Friday, March 21, 2008

Court Rejects Diminished Capacity Argument, Touches on Crack Guideline Changes

US v. Brewer: Brewer pleaded guilty to distributing crack. Prior to sentencing, it was established that Brewer suffered from serious mental deficits, with a tested IQ as low as 59. At sentencing, he argued for a downward departure under USSG 5K2.13 for diminished capacity. The court rejected that invitation, because based on a review of Brewer's evidence that he was "impulsive and a follower" and therefore posed a danger to society. The court then imposed a sentence of 70 months in prison. It's unclear from decision if Brewer also asked for a Booker variance on similar grounds.

Brewer appealed his sentence, which the Fourth Circuit affirmed. First, the court reasserted its holding that it cannot review a district court's decision not to depart except on the ground that the court was incorrect in its ability to depart. As there was no question that the district court knew it could depart and chose not to do so, the Fourth left that decision intact. Second, the Fourth Circuit held that Brewer's sentence was not unreasonable, given that it was at the bottom of the advisory Guideline range. The court took the opportunity, in the course of its reasonableness review, to address the recent change to the crack Guideline, holding that it would not remand the case for the district court to consider the amended Guidelines, leaving that to a future proceeding under 18 USC 3582(c)(2).

Wednesday, March 12, 2008

Aggravated ID Theft Requires Use of Specific Person's Information

US v. Mitchell: Mitchell undertook a scheme in which he bought merchandise with a fake ID using counterfeit checks and later returned the items for cash refunds. The name on the checks and the fake ID was "Marcus Jackson" who had a specific listed address. Mitchell was charged with bank fraud and aggravated identity theft. He pleaded guilty to the fraud charge, but had a bench trial on the identity theft, testifying that he didn't know anyone named "Marcus Jackson" and got the name out of a phone book. Although police did identify two Marcus Jacksons in the state, neither address matched the one on the ID and checks. Mitchell argued that to secure a conviction for aggravated identity theft, the Government had to prove the use of another specific person's identity, while the Government argued that it was sufficient that someone with the same name was located as a potential victim. The court convicted Mitchell.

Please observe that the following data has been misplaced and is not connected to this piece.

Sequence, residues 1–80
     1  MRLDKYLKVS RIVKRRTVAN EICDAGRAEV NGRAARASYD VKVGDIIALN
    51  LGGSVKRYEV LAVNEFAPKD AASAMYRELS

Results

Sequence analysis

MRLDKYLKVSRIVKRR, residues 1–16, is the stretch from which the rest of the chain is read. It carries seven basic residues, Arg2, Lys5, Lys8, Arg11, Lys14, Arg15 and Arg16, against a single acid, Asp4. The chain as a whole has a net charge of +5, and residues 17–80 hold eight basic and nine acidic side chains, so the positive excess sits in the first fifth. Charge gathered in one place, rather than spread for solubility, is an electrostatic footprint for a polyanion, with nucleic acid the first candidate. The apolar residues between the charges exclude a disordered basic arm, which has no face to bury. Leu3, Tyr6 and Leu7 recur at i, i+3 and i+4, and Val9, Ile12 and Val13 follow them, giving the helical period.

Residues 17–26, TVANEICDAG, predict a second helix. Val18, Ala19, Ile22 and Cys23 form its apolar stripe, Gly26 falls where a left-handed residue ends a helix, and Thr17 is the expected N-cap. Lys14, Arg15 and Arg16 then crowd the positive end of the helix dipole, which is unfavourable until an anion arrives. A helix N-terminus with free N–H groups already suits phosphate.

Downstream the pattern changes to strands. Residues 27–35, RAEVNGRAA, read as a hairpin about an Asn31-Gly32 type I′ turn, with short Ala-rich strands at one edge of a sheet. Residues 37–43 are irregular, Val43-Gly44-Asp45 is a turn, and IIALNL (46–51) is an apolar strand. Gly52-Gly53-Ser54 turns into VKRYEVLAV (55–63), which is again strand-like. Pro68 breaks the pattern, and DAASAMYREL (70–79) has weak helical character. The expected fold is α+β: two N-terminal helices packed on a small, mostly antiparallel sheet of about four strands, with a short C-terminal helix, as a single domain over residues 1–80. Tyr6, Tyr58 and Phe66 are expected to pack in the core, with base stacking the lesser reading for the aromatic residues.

On appeal, the Fourth Circuit reversed. The court held that the plain meaning of 18 USC 1028A requires the use of a means of identification that "may be used to identify a specific individual." Ordinarily, a name standing alone would not be sufficient to meet that requirement. While a couple of other bits of information on the fake ID matched one of the real Marcus Jacksons, they were so vague as to not show that Mitchell was presenting himself as a real Marcus Jackson. Because only the name in this case could be traced to a specific person, the Government failed to meet its burden of proof. Mitchell's conviction was reversed and his case remanded for resentencing.

Acquittal on Substantive Drug Charges Doesn't Bar Further Prosecution for Drug Conspiracy

US v. Yearwood: Yearwood was originally charged with conspiracy to distribute crack and distribution/aiding and abetting the distribution of crack. At his first trial, he was acquitted on the distribution charge and the jury hung on the conspiracy charge. At a second trial on the conspiracy charge, Yearwood argued that Double Jeopardy precluded the second prosecution, arguing that in acquitting him on the distribution charge the first jury resolved an issue of ultimate fact needed to find him guilty on the conspiracy charged. The district court rejected that argument and Yearwood was convicted

The Fourth Circuit affirmed, concluding no Double Jeopardy violation occurred. First, the court determined that distribution and conspiracy have distinct elements and thus are not the same offense. It rejected Yearwood's attempt to link the "knowingly associate" element of aiding and abetting with the conspiracy element of "knowingly and voluntarily" becoming part of the conspiracy. Second, the court concluded that the collateral estoppel element of Double Jeopardy was not violated, as the conspiracy charge did not require the relitigation of factual issues resolved in the first trial. In doing so, it followed cases from the Fifth and Eleventh Circuits. The court also turned away Yearwood's challenge to the sufficiency of the evidence underlying his conviction.